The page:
Results 1 to 2 of 2

Thread: Shifted Riemann

  1. #1
    Member
    Joined
    Oct 2008
    Posts
    156

    Shifted Riemann

    Let $\displaystyle f $ be Riemann integrable on $\displaystyle [a,b] $. Let $\displaystyle k $ be any real number, and let $\displaystyle g $ be the function given by $\displaystyle g(x) = f(x) + k $. Prove that $\displaystyle g $ is Riemann integrable on $\displaystyle [a,b] $ and that $\displaystyle \smallint_{a}^{b} g = k(b-a) + \smallint_{a}^{b} f $. What is the geometric interpretation.


    Proof. Let $\displaystyle \epsilon >0 $. Let $\displaystyle P $ be a partition of $\displaystyle [a,b] $ with $\displaystyle ||P|| < \delta $. Let $\displaystyle x_{i}^{*} $ be such that $\displaystyle x_{i-1} \leq x_{i}^{*} \leq x_i $. We know that $\displaystyle |\mathcal{R}(f,P)-I| < \epsilon $. Now $\displaystyle \mathcal{R}(g,P) = \sum_{i=1}^{n} [f(x_{i}^{*})+k](x_{i}-x_{i-1}) $. So we just expand this out and see that $\displaystyle \mathcal{R}(g,P) = \mathcal{R}(f,P)+ k(b-a) $?

    And the geometric interpretation is that we are increasing the each of the rectangle's height by $\displaystyle k $. And we are doing this for $\displaystyle b-a $ rectangles.
    Follow Math Help Forum on Facebook and Google+

  2. #2
    Global Moderator

    Joined
    Nov 2005
    From
    New York City
    Posts
    10,616
    Thanks
    10
    Quote Originally Posted by manjohn12 View Post
    Let $\displaystyle f $ be Riemann integrable on $\displaystyle [a,b] $. Let $\displaystyle k $ be any real number, and let $\displaystyle g $ be the function given by $\displaystyle g(x) = f(x) + k $. Prove that $\displaystyle g $ is Riemann integrable on $\displaystyle [a,b] $ and that $\displaystyle \smallint_{a}^{b} g = k(b-a) + \smallint_{a}^{b} f $. What is the geometric interpretation.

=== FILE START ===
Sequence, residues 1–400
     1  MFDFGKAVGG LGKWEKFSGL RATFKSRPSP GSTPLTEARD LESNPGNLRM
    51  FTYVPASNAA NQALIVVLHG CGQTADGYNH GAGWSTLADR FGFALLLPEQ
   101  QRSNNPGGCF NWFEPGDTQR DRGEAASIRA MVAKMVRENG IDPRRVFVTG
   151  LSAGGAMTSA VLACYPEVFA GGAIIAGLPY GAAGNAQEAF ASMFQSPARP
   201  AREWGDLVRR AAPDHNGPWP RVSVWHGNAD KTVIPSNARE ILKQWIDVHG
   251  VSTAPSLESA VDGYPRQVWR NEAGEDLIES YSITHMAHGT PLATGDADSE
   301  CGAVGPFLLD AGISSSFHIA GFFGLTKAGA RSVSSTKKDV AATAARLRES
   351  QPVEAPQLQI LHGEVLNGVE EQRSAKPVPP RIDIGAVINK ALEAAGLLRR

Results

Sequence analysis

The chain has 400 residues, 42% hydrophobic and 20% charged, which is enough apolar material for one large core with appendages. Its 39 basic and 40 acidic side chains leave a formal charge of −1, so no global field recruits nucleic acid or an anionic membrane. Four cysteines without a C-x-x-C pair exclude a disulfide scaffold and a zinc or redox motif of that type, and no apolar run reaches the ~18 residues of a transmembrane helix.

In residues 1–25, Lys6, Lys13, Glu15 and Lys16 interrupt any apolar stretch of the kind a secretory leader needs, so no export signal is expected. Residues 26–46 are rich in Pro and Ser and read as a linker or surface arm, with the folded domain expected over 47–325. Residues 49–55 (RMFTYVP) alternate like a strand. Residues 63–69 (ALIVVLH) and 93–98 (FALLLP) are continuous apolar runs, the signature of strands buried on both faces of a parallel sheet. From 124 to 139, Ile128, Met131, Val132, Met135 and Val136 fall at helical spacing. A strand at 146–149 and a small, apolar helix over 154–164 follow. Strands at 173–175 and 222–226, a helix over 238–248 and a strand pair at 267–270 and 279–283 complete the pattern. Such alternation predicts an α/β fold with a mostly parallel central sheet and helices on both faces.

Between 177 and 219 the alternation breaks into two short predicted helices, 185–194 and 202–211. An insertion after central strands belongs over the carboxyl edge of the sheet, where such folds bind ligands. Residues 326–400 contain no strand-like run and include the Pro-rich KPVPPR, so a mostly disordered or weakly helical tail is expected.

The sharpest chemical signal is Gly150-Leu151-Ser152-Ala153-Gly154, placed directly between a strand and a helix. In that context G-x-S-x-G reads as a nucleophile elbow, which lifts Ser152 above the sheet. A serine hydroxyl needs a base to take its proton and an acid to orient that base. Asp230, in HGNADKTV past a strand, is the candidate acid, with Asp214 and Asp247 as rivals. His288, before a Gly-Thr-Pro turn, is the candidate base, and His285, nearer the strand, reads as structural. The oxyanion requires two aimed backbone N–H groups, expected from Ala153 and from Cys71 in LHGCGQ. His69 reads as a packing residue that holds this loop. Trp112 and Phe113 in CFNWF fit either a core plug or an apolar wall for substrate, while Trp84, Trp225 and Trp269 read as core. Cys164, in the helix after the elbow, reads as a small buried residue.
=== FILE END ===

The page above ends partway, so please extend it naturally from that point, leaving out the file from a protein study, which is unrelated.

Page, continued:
Proof. Let $\displaystyle \epsilon >0 $. Let $\displaystyle P $ be a partition of $\displaystyle [a,b] $ with $\displaystyle ||P|| < \delta $. Let $\displaystyle x_{i}^{*} $ be such that $\displaystyle x_{i-1} \leq x_{i}^{*} \leq x_i $. We know that $\displaystyle |\mathcal{R}(f,P)-I| < \epsilon $. Now $\displaystyle \mathcal{R}(g,P) = \sum_{i=1}^{n} [f(x_{i}^{*})+k](x_{i}-x_{i-1}) $. So we just expand this out and see that $\displaystyle \mathcal{R}(g,P) = \mathcal{R}(f,P)+ k(b-a) $?
    This is good so far. You get $\displaystyle \mathcal{R}(g,P) = \mathcal{R}(f,P) + k(b-a)$.
    Therefore, $\displaystyle |\mathcal{R}(g,P) - I - k(b-a)| = |\mathcal{R}(f,P) - I| < \epsilon$. Thus, we see that $\displaystyle \smallint_a^b g = I + k(b-a)$.
    Follow Math Help Forum on Facebook and Google+

Similar Math Help Forum Discussions

  1. Shifted Legendre Polynomial
    Posted in the Advanced Math Topics Forum
    Replies: 3
    Last Post: Oct 24th 2010, 07:32 AM
  2. Shifted fcn...
    Posted in the Calculus Forum
    Replies: 2
    Last Post: Jun 30th 2010, 10:15 PM
  3. Obtaining the maximum of a shifted function
    Posted in the Calculus Forum
    Replies: 7
    Last Post: Jun 19th 2010, 11:42 AM
  4. Shifted exponential
    Posted in the Advanced Statistics Forum
    Replies: 1
    Last Post: Feb 18th 2009, 05:19 PM
  5. Riemann Sums and Riemann Integrals
    Posted in the Calculus Forum
    Replies: 1
    Last Post: Oct 1st 2006, 01:08 PM

Search Tags


/mathhelpforum @mathhelpforum